For many years, security professionals have advocated the approach of collecting logs from all the places where they’re generated and centralizing them into one or only a few places.
But now, we have much more data and many more sources of security telemetry, including from endpoints, networks, email, IAM, SaaS applications, and cloud assets in multi-cloud infrastructures.
Does centralizing log data still make sense, or should we be thinking about decentralized approaches such as federated data storage or distributed data storage, leveraging security data lakes and other repositories?
The problem is that the centralized approach is becoming much harder as volumes and log source counts, types, and distributed nature go up.
For example, If you’re present in multiple public cloud providers, and present there at scale, it is very likely that you are NOT collecting logs into one place in one cloud. Various complexities, egress costs, and storage costs all play into this becoming a questionable decision for most organizations.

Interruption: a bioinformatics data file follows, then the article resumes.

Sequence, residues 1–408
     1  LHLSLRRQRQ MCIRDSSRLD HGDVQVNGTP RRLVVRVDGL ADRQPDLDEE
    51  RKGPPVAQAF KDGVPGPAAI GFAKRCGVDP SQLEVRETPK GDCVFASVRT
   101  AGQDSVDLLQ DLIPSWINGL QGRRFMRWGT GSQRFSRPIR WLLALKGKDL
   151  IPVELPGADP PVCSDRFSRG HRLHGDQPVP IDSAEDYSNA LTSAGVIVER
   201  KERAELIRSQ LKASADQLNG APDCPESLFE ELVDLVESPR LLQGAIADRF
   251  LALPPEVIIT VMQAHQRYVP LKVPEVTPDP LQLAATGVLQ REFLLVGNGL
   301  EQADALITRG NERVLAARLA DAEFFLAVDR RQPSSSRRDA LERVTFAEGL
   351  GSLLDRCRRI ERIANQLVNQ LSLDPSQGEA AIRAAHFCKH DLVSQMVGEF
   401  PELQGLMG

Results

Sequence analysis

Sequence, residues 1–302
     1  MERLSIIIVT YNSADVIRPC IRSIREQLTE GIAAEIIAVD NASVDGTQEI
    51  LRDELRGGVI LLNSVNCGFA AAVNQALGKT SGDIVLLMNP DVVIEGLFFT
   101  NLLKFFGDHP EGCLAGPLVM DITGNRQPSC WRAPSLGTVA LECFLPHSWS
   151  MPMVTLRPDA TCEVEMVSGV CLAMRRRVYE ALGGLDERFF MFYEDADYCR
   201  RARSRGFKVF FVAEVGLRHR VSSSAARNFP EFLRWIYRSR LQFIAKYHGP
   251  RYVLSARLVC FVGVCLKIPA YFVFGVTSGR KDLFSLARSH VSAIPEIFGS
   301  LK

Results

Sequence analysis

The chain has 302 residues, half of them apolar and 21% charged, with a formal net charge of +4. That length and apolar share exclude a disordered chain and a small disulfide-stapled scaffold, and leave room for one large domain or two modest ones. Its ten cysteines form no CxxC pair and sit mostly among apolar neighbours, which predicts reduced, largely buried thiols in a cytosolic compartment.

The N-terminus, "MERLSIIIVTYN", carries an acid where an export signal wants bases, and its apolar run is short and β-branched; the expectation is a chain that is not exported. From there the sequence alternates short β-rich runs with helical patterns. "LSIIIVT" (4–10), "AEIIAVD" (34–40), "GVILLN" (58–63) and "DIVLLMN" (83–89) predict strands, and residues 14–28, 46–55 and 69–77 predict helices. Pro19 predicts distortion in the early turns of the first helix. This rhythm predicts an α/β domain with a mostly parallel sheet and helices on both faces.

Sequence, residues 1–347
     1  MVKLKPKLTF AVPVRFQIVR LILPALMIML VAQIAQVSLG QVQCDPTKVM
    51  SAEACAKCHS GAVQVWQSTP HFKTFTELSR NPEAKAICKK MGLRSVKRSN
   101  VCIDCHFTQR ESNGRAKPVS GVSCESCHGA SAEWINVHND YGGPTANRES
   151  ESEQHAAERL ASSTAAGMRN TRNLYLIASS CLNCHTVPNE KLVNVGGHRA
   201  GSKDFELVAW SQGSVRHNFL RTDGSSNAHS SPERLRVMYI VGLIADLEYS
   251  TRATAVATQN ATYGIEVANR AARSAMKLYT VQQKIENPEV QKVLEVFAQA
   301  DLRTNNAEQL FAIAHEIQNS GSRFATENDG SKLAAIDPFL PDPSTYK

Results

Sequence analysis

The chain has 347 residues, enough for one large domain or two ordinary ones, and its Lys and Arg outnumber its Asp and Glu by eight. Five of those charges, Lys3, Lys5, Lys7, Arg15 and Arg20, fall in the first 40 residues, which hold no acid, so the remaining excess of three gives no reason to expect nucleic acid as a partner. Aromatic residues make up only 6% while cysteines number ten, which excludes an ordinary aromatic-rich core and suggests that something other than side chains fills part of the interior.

So, what are the pros and cons of each approach?
In this webinar led by Dr. Anton Chuvakin, Security Advisor at Office of the CISO, Google Cloud, we’ll explore key questions such as:
• Why has centralization been a core strategy until now? • Why might decentralized approaches be more attractive today? • What are the challenges of decentralized approaches? • What about normalization? • How do cloud-native SIEMs like Google Chronicle change how we think about this?
We’ll also review insights from the recent “Third Annual Report on the State of SIEM Detection Risk.” Based on a data-driven analysis of more than 4,000 rules across diverse SIEM platforms in production environments — including Splunk, Microsoft Sentinel, IBM QRadar, and Sumo Logic — the report provides some interesting benchmark data about typical data ingestion metrics, MITRE ATT&CK coverage, and rule health in enterprise SOCs.